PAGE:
Carole Hanson, a retired Air Force lawyer, was hired to oversee the city's domestic violence unit in January 1996, about a month after the move to Jenkinson's office.

Hanson said her bosses, Heidi Wachter (then Heidi Horst) and Jenkinson, wanted her to give the advocates "boot-camp" treatment and force them to quit or fire them. Hanson said she resisted and was forced by Jenkinson and Wachter to resign only six months after getting the job.

Wachter declined to discuss specifics in that case, saying only that she made a bad hire.

After the move to Jenkinson's office, McCann said her previously positive performance evaluations turned negative. Before their jobs were eliminated, she and Lucas quit.

When the advocates made suggestions, they said most of their bosses in the City Attorney's Office ignored them. "We were like unwanted children you don't talk about," said Richardson.

Richardson and others said Jenkinson didn't attempt to get to know the advocates or participate in meetings of the city's domestic violence task force, which was working to improve government programs.

But the task force lacked support from city leaders, said Rendish, the former deputy city attorney. "There were these meetings about domestic violence and how tough they were, but it was all just talk," she said.

The city's response

Wachter, who supervised the domestic violence unit and reported to Jenkinson, acknowledged that tensions ran high as the advocates made the move from the Police Department to the City Attorney's Office.

"It was a rugged transition, there's no doubt about that," she said.

Wachter, now the city attorney in Lakewood, attributed some of the tension to her own "strong personality," and said she wasn't afraid to seek the end of an individual's employment via termination or resignation if the employee wasn't meeting standards.

But Wachter rejected any challenge to her commitment to domestic violence issues.

She said the advocates' work within the Police Department was inefficient and inconsistent. After the move, she said, they chafed at her order to install a system in which every victim was guaranteed some level of service. She said that could be more difficult after cases have gone to prosecutors and victims have moved or become reluctant to continue. She said the advocates took it personally.

"They said, 'You don't want accountability, you just don't like us,'" Wachter said, adding that she understood why they were sensitive about doing things differently than they did with the Police Department.

"They resisted change because they worried the quality of contacts with victims would suffer," she said.

Wachter and Crowley, the city's lead domestic violence attorney, blamed the elimination of the three advocates' positions on voter approval of Initiative 695, which prompted the Legislature to slash the automobile tax that helped fund the office.

The city now employs one paid advocate in its Human Rights Office. "I do everything, from court orders to going to court with victims to victim impact statements," said China Fortson, who estimates she sees 800 victims a year. She said she also helps victims fill out do-it-yourself divorce papers, change their names and Social Security numbers to hide from abusers, and find shelter.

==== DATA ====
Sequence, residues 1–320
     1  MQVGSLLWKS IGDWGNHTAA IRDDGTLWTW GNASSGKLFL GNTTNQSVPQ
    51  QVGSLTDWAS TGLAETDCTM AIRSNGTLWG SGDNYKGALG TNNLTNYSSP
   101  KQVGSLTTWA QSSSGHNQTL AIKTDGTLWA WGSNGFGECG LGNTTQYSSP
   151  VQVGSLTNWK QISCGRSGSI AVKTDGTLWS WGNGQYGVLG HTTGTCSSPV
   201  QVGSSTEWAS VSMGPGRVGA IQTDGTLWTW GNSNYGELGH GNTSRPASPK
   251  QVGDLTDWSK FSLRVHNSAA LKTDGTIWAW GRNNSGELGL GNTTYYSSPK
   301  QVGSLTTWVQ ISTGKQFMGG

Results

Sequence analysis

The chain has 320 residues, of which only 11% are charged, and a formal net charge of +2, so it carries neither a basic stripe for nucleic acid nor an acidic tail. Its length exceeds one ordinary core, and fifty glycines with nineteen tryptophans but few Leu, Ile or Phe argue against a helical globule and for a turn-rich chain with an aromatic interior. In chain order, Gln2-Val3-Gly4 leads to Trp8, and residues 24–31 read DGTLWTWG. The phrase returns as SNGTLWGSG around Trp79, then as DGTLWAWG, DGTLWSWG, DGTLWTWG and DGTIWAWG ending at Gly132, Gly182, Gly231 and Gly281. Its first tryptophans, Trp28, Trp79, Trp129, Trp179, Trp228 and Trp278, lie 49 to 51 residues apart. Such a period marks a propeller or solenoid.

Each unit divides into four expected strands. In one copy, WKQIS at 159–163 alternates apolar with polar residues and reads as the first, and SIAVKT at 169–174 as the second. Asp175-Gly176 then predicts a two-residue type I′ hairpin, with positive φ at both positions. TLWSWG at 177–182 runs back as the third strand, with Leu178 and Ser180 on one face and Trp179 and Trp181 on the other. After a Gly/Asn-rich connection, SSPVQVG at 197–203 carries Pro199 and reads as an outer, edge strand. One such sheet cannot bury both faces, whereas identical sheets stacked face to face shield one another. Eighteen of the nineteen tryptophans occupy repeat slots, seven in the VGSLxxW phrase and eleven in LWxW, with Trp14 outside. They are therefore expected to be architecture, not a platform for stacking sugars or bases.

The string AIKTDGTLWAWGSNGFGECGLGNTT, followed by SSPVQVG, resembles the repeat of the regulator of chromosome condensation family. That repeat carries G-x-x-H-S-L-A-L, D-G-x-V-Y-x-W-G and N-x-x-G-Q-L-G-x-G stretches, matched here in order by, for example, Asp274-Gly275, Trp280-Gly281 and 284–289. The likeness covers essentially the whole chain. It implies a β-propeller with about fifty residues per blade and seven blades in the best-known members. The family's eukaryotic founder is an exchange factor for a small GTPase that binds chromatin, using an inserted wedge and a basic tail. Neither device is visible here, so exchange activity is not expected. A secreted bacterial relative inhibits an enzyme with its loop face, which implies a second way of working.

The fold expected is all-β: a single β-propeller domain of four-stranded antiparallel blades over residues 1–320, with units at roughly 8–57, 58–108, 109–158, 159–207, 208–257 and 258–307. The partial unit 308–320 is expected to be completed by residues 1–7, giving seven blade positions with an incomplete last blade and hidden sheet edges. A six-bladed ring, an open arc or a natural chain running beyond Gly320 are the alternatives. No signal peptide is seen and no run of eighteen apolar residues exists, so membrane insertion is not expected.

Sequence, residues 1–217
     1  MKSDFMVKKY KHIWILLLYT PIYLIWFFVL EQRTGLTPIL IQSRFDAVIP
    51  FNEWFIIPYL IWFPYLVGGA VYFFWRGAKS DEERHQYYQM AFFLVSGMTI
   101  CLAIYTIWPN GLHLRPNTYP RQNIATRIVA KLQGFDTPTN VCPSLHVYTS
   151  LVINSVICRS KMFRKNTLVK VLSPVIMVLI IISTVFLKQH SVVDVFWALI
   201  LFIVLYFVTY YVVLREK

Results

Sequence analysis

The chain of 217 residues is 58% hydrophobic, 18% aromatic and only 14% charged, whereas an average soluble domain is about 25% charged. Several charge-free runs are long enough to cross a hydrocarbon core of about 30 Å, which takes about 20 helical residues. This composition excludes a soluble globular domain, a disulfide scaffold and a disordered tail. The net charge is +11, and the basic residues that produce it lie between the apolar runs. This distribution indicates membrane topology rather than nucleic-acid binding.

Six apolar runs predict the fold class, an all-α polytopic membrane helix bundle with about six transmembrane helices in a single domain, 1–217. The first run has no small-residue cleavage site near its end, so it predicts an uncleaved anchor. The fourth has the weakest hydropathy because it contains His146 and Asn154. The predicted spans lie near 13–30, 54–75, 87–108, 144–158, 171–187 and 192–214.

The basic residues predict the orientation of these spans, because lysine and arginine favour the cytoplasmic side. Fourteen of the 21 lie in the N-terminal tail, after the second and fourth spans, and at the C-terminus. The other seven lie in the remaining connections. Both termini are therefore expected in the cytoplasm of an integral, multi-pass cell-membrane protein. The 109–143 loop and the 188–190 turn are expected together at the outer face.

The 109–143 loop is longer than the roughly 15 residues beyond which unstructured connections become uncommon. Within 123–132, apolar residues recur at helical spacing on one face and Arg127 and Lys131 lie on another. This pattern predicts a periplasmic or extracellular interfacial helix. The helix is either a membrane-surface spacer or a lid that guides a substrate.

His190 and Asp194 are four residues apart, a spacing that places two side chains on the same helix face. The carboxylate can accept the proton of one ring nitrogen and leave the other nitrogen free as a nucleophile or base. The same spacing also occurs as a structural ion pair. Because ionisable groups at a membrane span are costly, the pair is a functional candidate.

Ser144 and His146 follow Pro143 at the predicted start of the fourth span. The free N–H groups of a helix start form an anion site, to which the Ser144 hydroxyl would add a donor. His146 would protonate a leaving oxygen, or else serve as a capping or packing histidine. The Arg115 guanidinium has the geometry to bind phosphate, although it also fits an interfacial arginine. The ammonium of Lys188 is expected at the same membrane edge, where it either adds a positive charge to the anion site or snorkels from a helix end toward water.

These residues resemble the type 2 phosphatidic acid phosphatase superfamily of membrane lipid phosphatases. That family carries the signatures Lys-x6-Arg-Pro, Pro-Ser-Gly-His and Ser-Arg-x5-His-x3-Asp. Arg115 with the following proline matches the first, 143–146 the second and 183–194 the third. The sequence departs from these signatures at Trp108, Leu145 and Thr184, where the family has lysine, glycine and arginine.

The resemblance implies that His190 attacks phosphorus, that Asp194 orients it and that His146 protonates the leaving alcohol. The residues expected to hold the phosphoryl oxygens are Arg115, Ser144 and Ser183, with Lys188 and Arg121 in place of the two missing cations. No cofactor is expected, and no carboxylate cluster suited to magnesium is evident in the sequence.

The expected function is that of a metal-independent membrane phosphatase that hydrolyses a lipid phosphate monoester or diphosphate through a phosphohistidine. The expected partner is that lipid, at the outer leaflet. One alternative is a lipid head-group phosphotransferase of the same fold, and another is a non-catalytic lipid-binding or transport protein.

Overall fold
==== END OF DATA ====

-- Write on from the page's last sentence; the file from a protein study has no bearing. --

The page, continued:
Volunteers have other lives

Nan Stoops, director of the Washington State Coalition Against Domestic Violence, and other advocates said the best community programs would not have helped Crystal Brame because there is no model to address when the abuser is in the Police Department, let alone the chief.

Nevertheless, prosecutors such as Rendish and Crowley said they valued the contributions by victims' advocates.

Just before the jobs were eliminated, a city domestic violence committee that Crowley was on recommended that the City Attorney's Office bring in more advocates, both paid and volunteer, said Fortier, the city's women's rights coordinator.

Even so, when Jenkinson was ordered to cut her budget, "she turned around and cut the advocates," Fortier said.

Tacoma City Councilwoman Connie Ladenburg said beefing up victim advocacy is one of three priorities being addressed by city officials examining Tacoma's services in the wake of the Brame shootings. The other priorities are teaching city workers to recognize warning signs and determining what services the city can provide to victims.

"It's definitely a need that we have to address in the city," said Ladenburg, who was not on the City Council in 1999 when the advocate program was cut.

Crowley, herself a former victim advocate, says she does the best she can with volunteers. Eft, the county domestic violence commission director, and others commended Crowley's work, but insisted the city would be better off with more paid victim advocates.

"Volunteers are fantastic, but volunteers have other lives," Eft said. "It's a safety issue because we know that when the prosecutor files charges, that makes it dangerous for the victim."

Staff writer Debbie Cafazzo contributed to this report.

Susan Gordon: 253-597-8756


Coming Monday:

Find out what help is available in Pierce County for victims of domestic violence.